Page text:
It’s been a period recently with weather impacts on electricity supply systems in the news – not only in the NEM but also in Texas (unfortunately again) and in other places.
David Osmond posted this question on Twitter today:
Here’s more of a zoomed-in view of NEM-wide instantaneous production (query is here, for those with a licence), but also broken down for each of the 5 regions (and with wind production in the SWIS in Western Australia added in for good measure):
(A) Peak Output
In both charts we can see the peak output we achieved in the middle of last night (5,430MW at 23:35 on Tuesday 13th April 2021) was a new all-time record, which surpassed the previous peak of 5,242MW in August 2020.
With installed capacity of 8,703MW (i.e. sum of the ‘MaxCap’ for all Wind Farms in AEMO’s Production Systems) that represents an instantaneous capacity factor of 62% at the time.
(B) Average Output
As more capacity is added to the grid we see that the monthly oscillations of average capacity factor are dampening and that the average is ending up around 30%.
This is not really a surprise (as 30% has been a number often quoted in these terms) as it is a function of the increasing diversity of wind harvest, as wind farms are built in new areas. Readers need to keep in mind that this average is also somewhat reduced by the commissioning processes that mean that full output lags the addition of the full capacity in the AEMO’s NEM registration systems.
(C) Minimum Output
However, for those who are keen to think of diversity as some kind of ‘magic wand’ the inclusion of minimum output (and minimum monthly capacity factor) should provide real evidence that this is just not the case.
We can see in the first chart above that the highest monthly minimum capacity factor through 2020 was down at 7.3% for the month of September, with a number of months in the 1-2% range. This is not a surprise for us (and should not be a surprise to anyone)….
… no matter how much wind capacity is built in the NEM (or where it is built), there will always continue to be be times when the aggregate output is a very low percentage of installed capacity. We’d better get much, much better at planning for these ‘wind droughts’.
The second chart is a bit busy, with all of the region summaries on them, so I have removed each of the individual NEM regions but have retained Western Australia to highlight just how difficult it will be to find wind generation patterns that are truly anti-correlated – ‘just’ random correlation (i.e. correlation co-efficient = 0) is not sufficient for wind generation to have any significant capacity benefit:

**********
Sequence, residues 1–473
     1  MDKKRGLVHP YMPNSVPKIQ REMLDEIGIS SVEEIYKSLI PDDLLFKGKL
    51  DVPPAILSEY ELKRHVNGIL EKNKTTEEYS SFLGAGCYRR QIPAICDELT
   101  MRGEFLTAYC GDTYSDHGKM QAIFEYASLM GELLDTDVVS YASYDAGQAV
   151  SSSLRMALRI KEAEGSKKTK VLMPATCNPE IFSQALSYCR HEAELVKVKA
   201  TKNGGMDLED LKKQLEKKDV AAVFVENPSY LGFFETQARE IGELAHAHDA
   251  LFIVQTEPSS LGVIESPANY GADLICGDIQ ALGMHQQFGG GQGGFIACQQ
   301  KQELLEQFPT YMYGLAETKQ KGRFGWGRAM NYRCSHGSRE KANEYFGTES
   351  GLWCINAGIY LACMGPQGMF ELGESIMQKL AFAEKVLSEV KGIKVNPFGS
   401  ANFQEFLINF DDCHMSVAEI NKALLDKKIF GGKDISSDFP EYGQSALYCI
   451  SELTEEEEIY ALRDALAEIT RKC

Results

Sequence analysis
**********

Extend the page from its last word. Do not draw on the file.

Under 2 days before the NEM set the new ‘highest ever’ record record for wind production across the NEM (i.e. 16:45 NEM time on 12th April*) we saw a low point below 500MW aggregate consumption (instantaneous capacity factor of 5% – so reasonably high for a low point!) – which coincided with a low point for wind production in Western Australia (at least for the data we collect – we don’t invest much time watching the WEM, so might have missed some new wind farms there?):
* note on that particular occasion I have not looked at the timing of the cyclone, and possible high-speed cut-out there. There are plenty of other coincident low points we can see in the 40-day stretch shown on this chart.
(D) Exploring further in GenInsights21 … pre-order your copy now
When we (working with Jonathon Dyson’s team at Greenview Strategic Consulting over two year ago) compiled the massive Generator Report Card 2018, we included a specific focus on exploring the question – what happens when ‘the sun does not shine and wind does not blow’?
Coincidentally, I saw Cornwall Insight also publish a short note on the topic under ‘NEM wind generation: Do birds of a feather flock together?’ last Thursday 8th April, presenting very similar results to what we published in the GRC2018 two years ago. It’s great that others are also helping to extend awareness of these challenges!
We are now in the process of updating the analytical component with the intention of releasing during Q3 2021 as ‘Generator Insights 2021’. For ‘GenInsights21’ we are already on the way to massively extending the work we did in the GRC2018 to explore and analyse diversity challenges, and will look forward to having that component released – along with a diverse range of others.
We’d invite those who want to pre-order now.
We won’t process your payment until you’ve been provided with access to the PDF copy of GenInsights21 (and a hard-copy has been delivered to you). We currently expect to do this in Q3 2021.
That’s all I have time for in this article.